This is actually neither new nor radical. Davey Johnson, for example, deftly worked Rick Aguilera between long relief and starting while alternating between Bruce Berenyi and Rick Anderson in 1986. Decades before that teams would carry “Sunday starters” who basically threw twice a week, once as a starter, once as a reliever. Hulett is arguing for a hybrid of these two ideas.
    Of the two, I think Johnson’s idea is more tenable. Every team has a young guy that they’re not quite sure of, or who they want to baby (*cough, Joba, cough*) and there are plenty of veterans that might actually be more effective pitching three times a week to fewer batters.
    I think the idea of managers not being able to face the music is a cop-out. Almost every team will call up a player from AA or AAA for one night at some point in the season, then send him right back down. I’d like to know just how much more effective that strategy really is.

  4. YX - Mar 23, 2010 at 10:32 AM

    The problem is that the fifth starter you looking for is not the same as the fifth starter you get. Quite frequently they end up as your fourth or even third starter, and if you didn’t bother get one you might end up in deep water.

  5. Yank Fan Dave - Mar 23, 2010 at 10:43 AM

    Let’s keep it simple: the 5 best available pitchers are your rotation. If one of those becomes unavailable, the 6th place guy gets a promotion. Why give a start to your 6th (or 7th) best pitcher when a better option is available?

  6. YANKEES1996 - Mar 23, 2010 at 10:55 AM

    I actually like the idea and it is workable, there really is no team that has a definitive fifth starter, they are almost always aging veterans or young guys getting experience. If I was managing a team I would look to the younger guys first, there is almost always a guy to go to. The manager working his rotation like this to be honest is no different than Joe Girardi going through the post season last year with three starters. The status quo has always been to have five quality starters but according to Hulet there is only two teams that remain with that plan. It is a different way to handle the rotation therefore it is going to shake up the normal way of thinking, but what is wrong with that?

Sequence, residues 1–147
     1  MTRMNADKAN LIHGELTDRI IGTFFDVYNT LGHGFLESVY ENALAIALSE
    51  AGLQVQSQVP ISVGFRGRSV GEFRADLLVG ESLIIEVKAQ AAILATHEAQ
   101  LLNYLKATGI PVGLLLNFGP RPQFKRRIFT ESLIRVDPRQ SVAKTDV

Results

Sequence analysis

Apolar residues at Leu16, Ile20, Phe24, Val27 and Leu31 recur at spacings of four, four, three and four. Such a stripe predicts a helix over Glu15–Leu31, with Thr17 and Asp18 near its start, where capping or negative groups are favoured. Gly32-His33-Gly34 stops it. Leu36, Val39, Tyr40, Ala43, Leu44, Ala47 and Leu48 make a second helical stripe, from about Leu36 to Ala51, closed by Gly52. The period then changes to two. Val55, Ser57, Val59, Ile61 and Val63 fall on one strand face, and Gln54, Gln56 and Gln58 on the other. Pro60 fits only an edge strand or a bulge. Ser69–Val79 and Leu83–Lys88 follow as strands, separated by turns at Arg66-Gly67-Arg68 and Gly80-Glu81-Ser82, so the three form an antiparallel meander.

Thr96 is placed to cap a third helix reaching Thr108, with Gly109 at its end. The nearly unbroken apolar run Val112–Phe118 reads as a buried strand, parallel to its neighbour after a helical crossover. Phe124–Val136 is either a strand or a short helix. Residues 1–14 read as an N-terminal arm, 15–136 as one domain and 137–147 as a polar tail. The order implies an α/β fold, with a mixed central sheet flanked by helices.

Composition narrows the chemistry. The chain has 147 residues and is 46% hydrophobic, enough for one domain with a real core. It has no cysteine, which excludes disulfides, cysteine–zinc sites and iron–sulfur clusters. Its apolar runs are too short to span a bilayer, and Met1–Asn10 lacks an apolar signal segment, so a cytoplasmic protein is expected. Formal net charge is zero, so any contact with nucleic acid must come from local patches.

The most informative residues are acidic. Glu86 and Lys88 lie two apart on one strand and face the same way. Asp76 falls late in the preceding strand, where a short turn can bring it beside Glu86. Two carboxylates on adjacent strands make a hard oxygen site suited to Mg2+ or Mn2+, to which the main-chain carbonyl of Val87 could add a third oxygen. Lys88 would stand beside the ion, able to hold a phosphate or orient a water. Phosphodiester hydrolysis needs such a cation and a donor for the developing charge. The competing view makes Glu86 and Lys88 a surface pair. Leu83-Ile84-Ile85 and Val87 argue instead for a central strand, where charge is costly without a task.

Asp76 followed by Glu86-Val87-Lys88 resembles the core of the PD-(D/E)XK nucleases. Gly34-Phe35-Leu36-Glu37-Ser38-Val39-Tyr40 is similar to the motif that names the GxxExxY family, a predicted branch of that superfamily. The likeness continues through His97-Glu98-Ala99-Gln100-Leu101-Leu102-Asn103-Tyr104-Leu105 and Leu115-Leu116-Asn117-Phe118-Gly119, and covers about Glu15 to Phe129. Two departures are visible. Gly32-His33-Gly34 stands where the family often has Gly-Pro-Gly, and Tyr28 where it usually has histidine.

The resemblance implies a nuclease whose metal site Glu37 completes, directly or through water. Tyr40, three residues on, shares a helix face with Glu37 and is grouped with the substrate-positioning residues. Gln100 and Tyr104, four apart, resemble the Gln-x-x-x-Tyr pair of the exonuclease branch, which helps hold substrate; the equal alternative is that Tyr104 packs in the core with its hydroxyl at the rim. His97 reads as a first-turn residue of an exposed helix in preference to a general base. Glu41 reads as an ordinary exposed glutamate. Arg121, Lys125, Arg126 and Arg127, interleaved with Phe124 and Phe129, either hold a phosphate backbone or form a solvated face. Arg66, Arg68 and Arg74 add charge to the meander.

7. Rays fan - Mar 23, 2010 at 11:10 AM

    Just resurrect the Milwaukee Braves Spahn/Sain/prayer for rain rotation. That’ll solve everything.

  8. jeff - Mar 23, 2010 at 12:01 PM

    You are all losers get a job

  9. R - Mar 23, 2010 at 12:56 PM

    Overspecialization. I agree with “Rays fan”. Spot pitchers, those with control and movement usually outlast the fireballers.

  10. Moses Green - Mar 23, 2010 at 1:13 PM

    Bad idea. Every team is doing the same thing – trying to identify the five best starters they can, and then order the reserves. Just because only 2 teams got 24 starts out of 5 starters is no reason to reinvent the wheel. That is simply a function of the attrition of pitching arms in the marathon of baseball. Also attrited – Xavier Nady and Jesus Flores, it’s not just pitchers.

  11. GimmeSomeSteel - Mar 23, 2010 at 1:13 PM

    “Spahn, Sain, and pray for rain” was in 1948 for the BOSTON Braves.

  12. Rays fan - Mar 23, 2010 at 3:52 PM

    I, of course, was just kidding.
    The poem I alluded to however (in order to correct myself) was for the Boston Braves; it was published in 1948 in the Boston Herald, before they moved to milwaukee–my bad on that.
    The poem quoted:
    “First we’ll use Spahn, then we’ll use Sain, Then an off day, followed by rain. Back will come Spahn, followed by Sain, And followed, we hope, by two days of rain.”
    Re-captcha: “the godzilla”….THAT’s who we need on the mound!!

  13. Old Gator - Mar 24, 2010 at 1:18 PM

    Give up the search for a fifth starter?
    You’ll be suggesting that we give up the search for the first even integer of Pi next.